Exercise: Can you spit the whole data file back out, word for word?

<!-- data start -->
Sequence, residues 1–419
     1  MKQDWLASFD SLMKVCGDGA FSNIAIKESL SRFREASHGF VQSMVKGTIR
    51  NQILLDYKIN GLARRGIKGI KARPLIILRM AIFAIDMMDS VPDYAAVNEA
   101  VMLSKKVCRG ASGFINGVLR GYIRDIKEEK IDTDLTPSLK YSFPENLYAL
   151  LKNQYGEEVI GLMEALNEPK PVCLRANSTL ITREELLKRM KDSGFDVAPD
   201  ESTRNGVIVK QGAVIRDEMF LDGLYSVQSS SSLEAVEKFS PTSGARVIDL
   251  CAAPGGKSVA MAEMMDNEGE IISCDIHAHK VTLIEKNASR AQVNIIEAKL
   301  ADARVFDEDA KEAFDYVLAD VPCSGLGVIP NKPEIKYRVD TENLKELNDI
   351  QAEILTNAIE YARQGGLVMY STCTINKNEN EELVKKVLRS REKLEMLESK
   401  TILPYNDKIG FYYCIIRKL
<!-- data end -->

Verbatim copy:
Sequence, residues 1–419
     1  MKQDWLASFD SLMKVCGDGA FSNIAIKESL SRFREASHGF VQSMVKGTIR
    51  NQILLDYKIN GLARRGIKGI KARPLIILRM AIFAIDMMDS VPDYAAVNEA
   101  VMLSKKVCRG ASGFINGVLR GYIRDIKEEK IDTDLTPSLK YSFPENLYAL
   151  LKNQYGEEVI GLMEALNEPK PVCLRANSTL ITREELLKRM KDSGFDVAPD
   201  ESTRNGVIVK QGAVIRDEMF LDGLYSVQSS SSLEAVEKFS PTSGARVIDL
   251  CAAPGGKSVA MAEMMDNEGE IISCDIHAHK VTLIEKNASR AQVNIIEAKL
   301  ADARVFDEDA KEAFDYVLAD VPCSGLGVIP NKPEIKYRVD TENLKELNDI
   351  QAEILTNAIE YARQGGLVMY STCTINKNEN EELVKKVLRS REKLEMLESK
   401  TILPYNDKIG FYYCIIRKL